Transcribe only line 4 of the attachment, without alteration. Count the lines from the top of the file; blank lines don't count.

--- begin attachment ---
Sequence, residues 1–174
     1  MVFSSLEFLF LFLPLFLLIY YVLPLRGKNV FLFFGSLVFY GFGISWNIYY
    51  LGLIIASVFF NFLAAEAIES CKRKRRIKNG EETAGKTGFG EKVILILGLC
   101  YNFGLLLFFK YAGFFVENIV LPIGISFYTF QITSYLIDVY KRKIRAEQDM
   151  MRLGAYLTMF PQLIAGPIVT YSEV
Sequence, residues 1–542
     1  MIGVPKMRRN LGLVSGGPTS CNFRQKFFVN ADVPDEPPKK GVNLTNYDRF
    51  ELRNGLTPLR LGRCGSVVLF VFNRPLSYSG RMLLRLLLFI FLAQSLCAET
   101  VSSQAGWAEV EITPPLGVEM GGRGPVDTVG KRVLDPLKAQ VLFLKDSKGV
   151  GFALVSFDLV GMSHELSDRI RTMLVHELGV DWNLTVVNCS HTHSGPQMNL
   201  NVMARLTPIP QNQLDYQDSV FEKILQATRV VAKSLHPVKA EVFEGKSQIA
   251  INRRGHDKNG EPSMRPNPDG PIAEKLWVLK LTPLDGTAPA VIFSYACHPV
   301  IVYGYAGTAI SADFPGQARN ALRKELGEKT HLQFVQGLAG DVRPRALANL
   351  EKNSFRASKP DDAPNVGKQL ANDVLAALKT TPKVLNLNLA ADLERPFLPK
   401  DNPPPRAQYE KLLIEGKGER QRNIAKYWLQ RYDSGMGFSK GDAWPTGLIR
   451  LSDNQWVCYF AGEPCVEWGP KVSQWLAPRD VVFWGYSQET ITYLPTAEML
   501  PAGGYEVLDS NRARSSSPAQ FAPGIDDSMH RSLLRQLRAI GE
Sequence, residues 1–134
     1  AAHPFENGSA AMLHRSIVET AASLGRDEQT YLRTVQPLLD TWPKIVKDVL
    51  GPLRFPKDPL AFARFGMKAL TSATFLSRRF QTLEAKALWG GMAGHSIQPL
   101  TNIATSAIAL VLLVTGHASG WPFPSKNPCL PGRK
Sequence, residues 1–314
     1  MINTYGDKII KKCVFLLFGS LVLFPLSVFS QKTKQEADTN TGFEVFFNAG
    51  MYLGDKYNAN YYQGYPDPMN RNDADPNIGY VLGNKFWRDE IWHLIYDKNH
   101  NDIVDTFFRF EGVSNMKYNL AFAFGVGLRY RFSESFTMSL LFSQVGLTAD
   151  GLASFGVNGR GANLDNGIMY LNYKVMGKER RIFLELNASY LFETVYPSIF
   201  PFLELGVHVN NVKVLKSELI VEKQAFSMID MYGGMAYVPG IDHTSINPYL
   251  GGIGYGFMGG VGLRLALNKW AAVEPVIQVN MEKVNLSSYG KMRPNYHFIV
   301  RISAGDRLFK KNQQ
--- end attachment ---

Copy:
   101  YNFGLLLFFK YAGFFVENIV LPIGISFYTF QITSYLIDVY KRKIRAEQDM